Tony Dillard writes: This is in response to the letter to the editor by Margie Emch in the October 2008 LTC e-Wire (Letter: Inflation option is costly). The problem of LTC policies sold at worksites without inflation protection rests on a 50-50 fault basis: 50% is the fault of the insurance company being represented; and 50% is the fault of the agent who sold the idea of a small employer-funded core benefit.
The company’s fault lies in promoting guaranteed issue for a small base plan for all employees, because the insurance carrier knows their claim exposure will be little to none. The truth of the matter is, if the employee does not buy up from this base plan, a claim most likely will never take place.
Using myself in this example, I am 39 years old and live in Dallas-Fort Worth, Tex. Our average cost of care, according to the interactive cost of care map from Genworth, Richmond, Va., is $60,640 for a nursing home and $40,704 for home health care. Let’s say I had a plan offering a 3-year, $2,000 monthly indemnity benefit, not a cash benefit. If I don’t buy up and have an earlier-than-expected nursing home claim, say next year, I would be required to write a personal check for $3,000 to go with the $2,000 from the LTC carrier to fund my care. How many baby boomers and gen-Xers have that kind of monthly income available, especially during a recession?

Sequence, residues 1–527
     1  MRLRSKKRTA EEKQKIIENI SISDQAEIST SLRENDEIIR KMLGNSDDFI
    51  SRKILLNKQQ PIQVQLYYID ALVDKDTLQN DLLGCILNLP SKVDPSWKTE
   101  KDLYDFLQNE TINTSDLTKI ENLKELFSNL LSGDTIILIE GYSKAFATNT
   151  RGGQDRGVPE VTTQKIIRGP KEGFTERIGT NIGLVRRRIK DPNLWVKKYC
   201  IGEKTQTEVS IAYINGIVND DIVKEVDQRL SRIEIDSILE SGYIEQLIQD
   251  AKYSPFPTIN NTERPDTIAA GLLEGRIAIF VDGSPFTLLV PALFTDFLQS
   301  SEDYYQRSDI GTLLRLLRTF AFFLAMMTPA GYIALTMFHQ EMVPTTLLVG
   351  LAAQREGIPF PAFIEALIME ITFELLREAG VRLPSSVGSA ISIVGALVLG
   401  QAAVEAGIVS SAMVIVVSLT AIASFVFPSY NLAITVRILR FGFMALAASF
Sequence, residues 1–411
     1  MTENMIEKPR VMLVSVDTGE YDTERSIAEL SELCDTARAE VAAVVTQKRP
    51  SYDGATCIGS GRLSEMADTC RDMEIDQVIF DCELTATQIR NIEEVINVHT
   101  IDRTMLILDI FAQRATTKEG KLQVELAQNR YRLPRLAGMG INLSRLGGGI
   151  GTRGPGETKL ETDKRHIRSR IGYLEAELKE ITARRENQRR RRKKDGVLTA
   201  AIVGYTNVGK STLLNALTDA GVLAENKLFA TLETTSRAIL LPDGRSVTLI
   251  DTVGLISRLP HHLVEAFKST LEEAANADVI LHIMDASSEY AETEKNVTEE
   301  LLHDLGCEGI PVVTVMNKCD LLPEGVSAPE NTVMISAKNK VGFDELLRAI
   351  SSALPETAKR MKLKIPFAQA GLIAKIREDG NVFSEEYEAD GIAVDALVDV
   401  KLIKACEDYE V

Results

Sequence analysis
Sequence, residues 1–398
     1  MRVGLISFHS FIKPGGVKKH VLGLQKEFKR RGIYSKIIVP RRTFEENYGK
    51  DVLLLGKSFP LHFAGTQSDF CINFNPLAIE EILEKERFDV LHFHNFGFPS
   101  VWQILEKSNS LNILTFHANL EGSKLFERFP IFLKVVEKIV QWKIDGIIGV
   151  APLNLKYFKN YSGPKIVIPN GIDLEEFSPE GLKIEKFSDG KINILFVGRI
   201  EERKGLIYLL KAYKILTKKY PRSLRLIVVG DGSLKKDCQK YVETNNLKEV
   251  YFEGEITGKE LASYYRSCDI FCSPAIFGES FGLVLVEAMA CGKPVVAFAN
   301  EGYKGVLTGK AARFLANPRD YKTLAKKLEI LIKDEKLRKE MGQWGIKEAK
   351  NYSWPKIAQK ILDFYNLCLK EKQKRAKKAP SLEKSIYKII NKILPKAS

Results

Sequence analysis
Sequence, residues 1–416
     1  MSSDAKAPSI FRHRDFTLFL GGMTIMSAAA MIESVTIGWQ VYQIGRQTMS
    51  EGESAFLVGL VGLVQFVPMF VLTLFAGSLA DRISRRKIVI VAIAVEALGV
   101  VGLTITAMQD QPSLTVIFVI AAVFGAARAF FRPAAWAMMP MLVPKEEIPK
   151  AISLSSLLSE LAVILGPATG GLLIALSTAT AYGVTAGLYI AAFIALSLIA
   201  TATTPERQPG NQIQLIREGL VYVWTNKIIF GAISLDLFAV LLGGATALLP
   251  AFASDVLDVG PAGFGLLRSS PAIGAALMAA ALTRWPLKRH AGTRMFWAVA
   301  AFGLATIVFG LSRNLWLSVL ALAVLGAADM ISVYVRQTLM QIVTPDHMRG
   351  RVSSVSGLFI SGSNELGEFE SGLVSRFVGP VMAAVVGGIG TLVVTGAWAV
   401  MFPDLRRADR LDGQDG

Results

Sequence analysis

Also, if I don’t have $3,000 to coinsure, I will not be able to stay in the facility very long after they figure out I can’t pay the entire bill. The problem may not be as horrific with a home health claim, because most home care is part time, and the expense is less. However, the problem of coinsuring still exists.
And then there is the Medicaid question. Can you have an LTC insurance policy and qualify for Medicaid?